Adjudication and Ontario’s Construction Lien Act
As you are likely aware, the first wave of amendments to Ontario’s Construction Lien Act go into effect in July 2018 and the second wave debut October 2019. We’ve released several blog posts and a whitepaper on the amendments, which can be read here, and in today’s post we are going to continue the discussion on adjudication.
What is Adjudication? Like Arbitration… Only Different
Alike, yet different. Adjudication and arbitration are similar, in that the disputing parties agree to seek resolution from an impartial third party. But, there are some differences.
One difference? Time. Arbitration can go on for quite some time, but adjudication has strict time provisions.
According to an article by Sahil Shoor and Neil S. Abbott of Gowling WLG, the adjudicator has 30 days from receipt of necessary documentation to render a decision. If, after 30 days, the adjudicator needs more time, an additional 14 days can be granted to the adjudicator by the Authority.
“Within five days of the selection of the adjudicator the party who started the adjudication must provide a copy of the contract in question, and any documents the party intends to rely on to the adjudicator. The adjudicator must release his/her written decision within 30 days of receiving the documents. The adjudicator can request up to 14 additional days, but the adjudicator’s request can be refused by either party.”
Not only are the timing provisions strict, the decision made through adjudication is enforceable by the courts. If adjudication has been requested, it will extend the lien deadline to whichever is later, the standard lien filing period or 45 days from the date the required documentation is provided to the adjudicator.
The Powers that Be
In an earlier post we reviewed who can be an adjudicator but didn’t go into much detail on the powers held by the adjudicator. In their article, Shoor and Abbott, provide a healthy list of powers, though last on the list pretty much sums it up:
- Make directions respecting the conduct of the adjudication.
- Take the initiative in ascertaining the relevant facts and law.
- Draw inferences based on the conduct of the parties to adjudication.
- Conduct an onsite inspection.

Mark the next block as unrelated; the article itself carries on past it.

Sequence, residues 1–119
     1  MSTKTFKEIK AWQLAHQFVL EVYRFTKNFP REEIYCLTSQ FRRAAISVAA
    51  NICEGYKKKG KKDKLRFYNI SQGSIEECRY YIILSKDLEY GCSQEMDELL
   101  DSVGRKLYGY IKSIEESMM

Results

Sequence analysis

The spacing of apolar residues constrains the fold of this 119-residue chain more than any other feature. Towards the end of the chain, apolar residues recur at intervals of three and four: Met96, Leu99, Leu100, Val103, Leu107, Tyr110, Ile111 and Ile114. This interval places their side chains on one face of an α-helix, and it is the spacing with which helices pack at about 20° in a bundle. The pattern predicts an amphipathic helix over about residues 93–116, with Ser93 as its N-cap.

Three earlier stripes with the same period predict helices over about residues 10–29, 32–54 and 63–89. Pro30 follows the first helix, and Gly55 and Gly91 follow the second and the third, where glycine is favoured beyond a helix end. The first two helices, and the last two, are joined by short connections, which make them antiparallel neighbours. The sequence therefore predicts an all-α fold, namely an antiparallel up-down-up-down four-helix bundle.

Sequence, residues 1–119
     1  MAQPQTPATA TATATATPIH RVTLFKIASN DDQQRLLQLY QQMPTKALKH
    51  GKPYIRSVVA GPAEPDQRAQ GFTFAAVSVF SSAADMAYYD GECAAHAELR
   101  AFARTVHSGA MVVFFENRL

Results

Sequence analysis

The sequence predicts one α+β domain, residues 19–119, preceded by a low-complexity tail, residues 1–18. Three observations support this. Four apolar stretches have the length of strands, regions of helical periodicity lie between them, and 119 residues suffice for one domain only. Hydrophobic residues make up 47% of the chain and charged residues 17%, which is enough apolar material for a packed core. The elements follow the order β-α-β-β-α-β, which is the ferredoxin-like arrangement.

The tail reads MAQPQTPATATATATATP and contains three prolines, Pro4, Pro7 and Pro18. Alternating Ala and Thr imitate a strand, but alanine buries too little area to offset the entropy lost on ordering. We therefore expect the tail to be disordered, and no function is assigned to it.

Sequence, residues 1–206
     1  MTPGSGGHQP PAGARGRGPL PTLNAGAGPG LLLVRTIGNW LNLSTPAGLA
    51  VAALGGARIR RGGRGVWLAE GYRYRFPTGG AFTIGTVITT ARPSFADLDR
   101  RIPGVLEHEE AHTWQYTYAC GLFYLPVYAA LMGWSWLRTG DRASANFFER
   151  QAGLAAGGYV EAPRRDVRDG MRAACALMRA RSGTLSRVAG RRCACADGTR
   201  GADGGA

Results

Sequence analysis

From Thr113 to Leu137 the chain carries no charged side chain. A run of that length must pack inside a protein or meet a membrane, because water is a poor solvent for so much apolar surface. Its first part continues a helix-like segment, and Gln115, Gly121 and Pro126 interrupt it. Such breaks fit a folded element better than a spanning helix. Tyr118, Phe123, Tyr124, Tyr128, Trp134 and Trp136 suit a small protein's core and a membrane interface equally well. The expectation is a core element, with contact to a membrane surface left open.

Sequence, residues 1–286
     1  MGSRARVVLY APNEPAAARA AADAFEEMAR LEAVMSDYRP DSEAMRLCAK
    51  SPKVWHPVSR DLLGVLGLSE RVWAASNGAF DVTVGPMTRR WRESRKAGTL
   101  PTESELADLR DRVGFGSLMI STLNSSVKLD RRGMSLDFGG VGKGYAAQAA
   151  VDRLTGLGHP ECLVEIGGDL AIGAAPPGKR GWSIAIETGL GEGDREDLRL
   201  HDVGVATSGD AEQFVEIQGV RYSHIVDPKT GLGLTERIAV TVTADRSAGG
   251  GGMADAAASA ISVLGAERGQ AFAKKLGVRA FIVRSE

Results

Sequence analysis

- Obtain the assistance of a merchant accountant, actuary, building contractor, architect, engineer, or other person in such a way as the adjudicator considers fit to enable him or her to determine better any matter of fact in question. The adjudicator may fix the remuneration of the expert and who will pay it.
- Make a determination of the adjudication.
- Any other power that may be prescribed.
What Can be Adjudicated?
The legislation defines the matters that may be adjudicated as the valuation of services or materials provided under the contract, payment under the contract including proposed change order(s), disputes that are the subject of a notice of non-payment, retainage/holdback, and any other matter that the parties to the adjudication agree to or that may be prescribed.
It’s important to note, only one issue can be adjudicated at a time. However, if a party wishes to consolidate two or more issues under one adjudication, the party can submit the consolidation request via notification to all parties involved, including the adjudicator.
Much like the mechanic’s lien process, there are steps to commencing adjudication. Shoor and Abbott advise adjudication can only take place between parties within direct contract of one another, adjudication must start prior to contract completion, and the party requesting adjudication must provide notice to other parties.
What should be included in the notice? According to Shoor and Abbott, the notice should include: “names and addresses of the parties; nature and a brief description of the dispute, including details respecting when and how it arose; nature of the redress sought; and name of a proposed adjudicator to conduct the adjudication.”
In addition to notifying other parties, the requesting party should also “provide a copy of the notice in electronic format to the Authority.” – Adjudications Under Part II.1 of the Act, O Reg 306/18
Can You Say Adjudication Three Times Fast?
Shew — I don’t know that I’ve used so many variations of “adjudicate” in one post! But, it’s necessary because adjudication is an important aspect of the amendments to Ontario’s Construction Lien Act. Adjudication will be an option for contracts entered on or after October 1, 2019.
If all goes to plan, adjudication should prove to be a quick, beneficial dispute resolution process!